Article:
Tuesday, August 19, 2014

Marshall Applewhite

The wikipedia article-of-the-day sometime last week was Marshall Applewhite, leader of the Heaven's Gate cult that all committed suicide almost twenty years ago when the arrival of the Hale-Bopp comet convinced them that it was time for them to go up to the spaceship and get new bodies.  Something like that.

Looks pretty much schizoaffective disorder, bipolar type to me, at least from a distance.  Actually pretty much just from his photograph one might take that as a working guess.
Poor sexual control, omnisexual, check.
Grandiosity, check.
Performing arts, check. (Sorry. Includes me, too, y'know.)
Fluidity of beliefs, changing repeatedly, check.
Charm based on intensity that is a bit much for many folks, check.
Lack of insight or willingness to consider alternatives, check.

Here's an interesting bit about psychotic prophets.  A large part of their prophecy revolves around - them being the prophet. That's all.  Believing in them.  One of my patients today assured me quite angrily that I would be kneeling in front of him someday. He is furious at his wife for being "in rebellion" for fearing that all his money-and-fame schemes won't work, when the Bible clearly teaches not to fear. Believing in him is really the only teaching of this prophet.

It's interesting because that's where God starts out in Genesis, and where Jesus starts out when he starts his ministry.  Consider that Lot gets just about nothing right except somehow clinging to this one God YHWH. Yet that is good enough, at least in that stage of the covenant.

The difference is that Genesis gives way to Exodus, and a whole lot of learning to understand just what is important to this God; and Jesus moves pretty quickly to deeper lessons. Yet perhaps mere identification is the only start we can make.


lelia said...

My sister has said that reading the Old Testament about the prophets has been ruined by her Schizophrenic husband telling her he's a prophet of God and she needs to honor him. So do the kids. So does the world. He used to be a kind man and a Bible teacher. To see him go insane and become cruel, using Scripture as a weapon is hard. His hours-long rants at night and accusations of his wife and kids has traumatized everybody. Because of his abuse and the need to protect the assets accrued over a lifetime of work, my sister has been forced to divorce him. She was not allowed to force him to take his meds, and the state could only do so after he assaulted some people at my sister's workplace. She was fired to protect the people.
I can understand trying to protect the rights of the insane, but, man, I wish they could be forced to take meds before they assault someone.

Assistant Village Idiot said...

New Hampshire has the most comprehensive program in the country for requiring people to take meds or be returned to the hospital - something like an outpatient treatment order - and even ours has huge gaps in it. There are so many ways people can loophole out of it, the major one being that lithium and depakote don't come in injectable or long-acting formulations. Disabilities Rights hates our conditional discharge law and would like to see it removed.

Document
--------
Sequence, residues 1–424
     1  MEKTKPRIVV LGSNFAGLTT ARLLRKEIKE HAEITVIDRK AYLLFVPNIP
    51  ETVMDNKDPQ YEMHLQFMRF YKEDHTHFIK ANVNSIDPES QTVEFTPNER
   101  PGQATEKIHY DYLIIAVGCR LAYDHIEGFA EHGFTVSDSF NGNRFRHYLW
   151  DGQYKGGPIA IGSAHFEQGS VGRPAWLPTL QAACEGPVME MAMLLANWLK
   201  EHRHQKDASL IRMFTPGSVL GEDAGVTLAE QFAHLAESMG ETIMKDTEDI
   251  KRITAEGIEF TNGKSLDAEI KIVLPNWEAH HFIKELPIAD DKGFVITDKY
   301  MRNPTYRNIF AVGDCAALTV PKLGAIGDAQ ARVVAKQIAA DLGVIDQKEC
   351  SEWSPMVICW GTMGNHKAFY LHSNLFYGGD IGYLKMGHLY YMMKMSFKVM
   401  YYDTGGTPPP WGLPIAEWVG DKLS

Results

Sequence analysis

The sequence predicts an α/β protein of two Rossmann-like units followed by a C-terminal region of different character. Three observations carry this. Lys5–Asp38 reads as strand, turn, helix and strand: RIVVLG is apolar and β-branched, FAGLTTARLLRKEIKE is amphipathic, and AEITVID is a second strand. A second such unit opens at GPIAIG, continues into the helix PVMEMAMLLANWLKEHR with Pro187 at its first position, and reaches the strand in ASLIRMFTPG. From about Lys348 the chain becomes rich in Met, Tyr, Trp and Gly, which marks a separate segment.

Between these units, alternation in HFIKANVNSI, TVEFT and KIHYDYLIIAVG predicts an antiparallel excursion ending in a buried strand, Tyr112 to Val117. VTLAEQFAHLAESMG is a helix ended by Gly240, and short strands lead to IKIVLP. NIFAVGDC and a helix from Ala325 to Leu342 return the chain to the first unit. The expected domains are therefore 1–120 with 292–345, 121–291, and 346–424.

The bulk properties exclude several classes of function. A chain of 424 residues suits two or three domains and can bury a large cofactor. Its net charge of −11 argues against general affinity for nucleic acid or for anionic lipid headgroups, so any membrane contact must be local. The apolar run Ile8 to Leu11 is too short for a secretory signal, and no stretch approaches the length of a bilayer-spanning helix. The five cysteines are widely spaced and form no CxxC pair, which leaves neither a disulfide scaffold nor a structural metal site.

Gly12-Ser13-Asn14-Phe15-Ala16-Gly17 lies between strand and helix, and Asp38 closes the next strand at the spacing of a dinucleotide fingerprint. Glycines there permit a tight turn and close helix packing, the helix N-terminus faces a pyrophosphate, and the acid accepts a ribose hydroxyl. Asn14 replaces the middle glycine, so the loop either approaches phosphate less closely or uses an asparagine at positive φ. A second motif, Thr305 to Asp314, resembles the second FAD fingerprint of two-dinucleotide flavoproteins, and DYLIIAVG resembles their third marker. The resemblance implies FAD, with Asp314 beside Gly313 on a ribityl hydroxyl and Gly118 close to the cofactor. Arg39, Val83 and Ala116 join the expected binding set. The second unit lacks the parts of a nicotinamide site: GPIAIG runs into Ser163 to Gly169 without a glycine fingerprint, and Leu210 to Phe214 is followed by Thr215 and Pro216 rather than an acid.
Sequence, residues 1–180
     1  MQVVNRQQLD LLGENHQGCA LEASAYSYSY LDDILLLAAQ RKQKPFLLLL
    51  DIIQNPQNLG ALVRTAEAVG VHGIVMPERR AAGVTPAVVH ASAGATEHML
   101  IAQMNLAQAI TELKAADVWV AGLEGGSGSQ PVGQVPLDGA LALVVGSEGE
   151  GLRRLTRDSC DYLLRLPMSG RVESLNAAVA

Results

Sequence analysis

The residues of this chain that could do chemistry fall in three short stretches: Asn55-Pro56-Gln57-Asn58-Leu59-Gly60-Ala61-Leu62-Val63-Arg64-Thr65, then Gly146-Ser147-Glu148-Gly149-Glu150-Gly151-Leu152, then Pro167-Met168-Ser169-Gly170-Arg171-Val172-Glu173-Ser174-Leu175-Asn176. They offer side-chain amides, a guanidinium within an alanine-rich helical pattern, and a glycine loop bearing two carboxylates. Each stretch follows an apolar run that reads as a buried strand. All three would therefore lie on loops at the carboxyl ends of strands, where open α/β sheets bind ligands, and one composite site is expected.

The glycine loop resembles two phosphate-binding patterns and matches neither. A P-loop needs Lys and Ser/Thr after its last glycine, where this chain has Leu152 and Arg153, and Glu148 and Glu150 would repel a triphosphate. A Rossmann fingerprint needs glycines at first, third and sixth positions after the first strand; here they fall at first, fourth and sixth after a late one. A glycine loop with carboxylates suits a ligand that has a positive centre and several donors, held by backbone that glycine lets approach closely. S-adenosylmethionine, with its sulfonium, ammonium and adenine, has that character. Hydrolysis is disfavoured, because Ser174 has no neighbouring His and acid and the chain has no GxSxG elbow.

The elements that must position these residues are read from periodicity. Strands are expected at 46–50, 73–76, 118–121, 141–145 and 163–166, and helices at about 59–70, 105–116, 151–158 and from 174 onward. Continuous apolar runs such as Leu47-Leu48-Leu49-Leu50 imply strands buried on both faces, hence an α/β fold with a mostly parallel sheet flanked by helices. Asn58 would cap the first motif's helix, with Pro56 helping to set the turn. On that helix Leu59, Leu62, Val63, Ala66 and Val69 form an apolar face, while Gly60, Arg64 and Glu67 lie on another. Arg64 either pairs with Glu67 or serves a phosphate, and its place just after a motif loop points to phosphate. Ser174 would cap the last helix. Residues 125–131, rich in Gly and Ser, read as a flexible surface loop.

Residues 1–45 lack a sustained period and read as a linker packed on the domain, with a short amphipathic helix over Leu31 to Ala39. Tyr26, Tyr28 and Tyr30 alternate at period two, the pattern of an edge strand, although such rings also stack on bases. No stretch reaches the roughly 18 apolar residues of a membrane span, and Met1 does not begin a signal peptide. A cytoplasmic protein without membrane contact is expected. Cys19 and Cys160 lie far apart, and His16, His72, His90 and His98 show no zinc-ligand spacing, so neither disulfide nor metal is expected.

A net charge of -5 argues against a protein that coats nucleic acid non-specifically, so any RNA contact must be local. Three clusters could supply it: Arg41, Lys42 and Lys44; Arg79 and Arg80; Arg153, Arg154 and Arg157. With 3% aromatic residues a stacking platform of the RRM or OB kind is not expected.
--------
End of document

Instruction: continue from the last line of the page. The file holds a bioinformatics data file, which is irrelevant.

Time pressure to discharge people quickly, for both rights and financial reasons, also allows a lot of half-treated folks to be out. As for your brother-in-law, my experience is that without medication there is no hope of any insight whatsoever, even when confronted with catastrophe. Even with medication it doesn't happen about 35% of the time.

Even after all these years, it is hard to understand why. How the obvious cannot be seen continues to amaze.

james said...

Your statement that you can almost guess from his photo is interesting. I don't know the field and can't diagnose, but the affect and demeanor send up warning flags: something is wrong, even if I don't know what.
Do the affect and demeanor still send up warning flags when shown by someone of unfamiliar race and culture?

I've been puzzling over the "reduced trust in multicultural environments" study, and it seems plausible that if you can't read somebody as well you aren't going to trust him very well. Not sure how this carries over to loss of trust within the same ethnic group, though.

Assistant Village Idiot said...

I attribute the lack of trust within the group when the group is threatened to mere activation. People are jumpy.

Texan99 said...

If Jesus wasn't telling the literal truth about Himself, then it's hard to escape the conclusion that he was bad crazy. He didn't confine Himself to handing out nuggets of wisdom about how an ordinary person can best get on in life. He claimed to be the only path to God and, depending on how you interpret some scripture, especially John, to be God himself. Or at least the Son of God. Anyway, something considerably more than a nice guy with some good advice, a strong sense of the dramatic, and a way with words.

But if other people do it, it's sure a bad sign. That is, it's one thing to think you're God if you really are, but . . . .

I understand why civil libertarians are worried about over-robust hospitalization laws, but all you need is one bipolar relative stuck in the psych hospital revolving door to know that what we've got ain't working. My sister, then a social worker, used to get so exasperated with me when I'd go on in a "Cuckoo's Nest" vein. She would say that the reality of the coercive aspect of mental hospitals is nowhere near so romantic.

lelia said...

I found the book: I'm Not Sick and I Don't Need Help to be enlightening about the self agnosia. The insights gained from the book helps us not explode with rage at our BIL. Sadly, some of his kids hated that book (we gave them thinking it would help)and have come to hate their dad.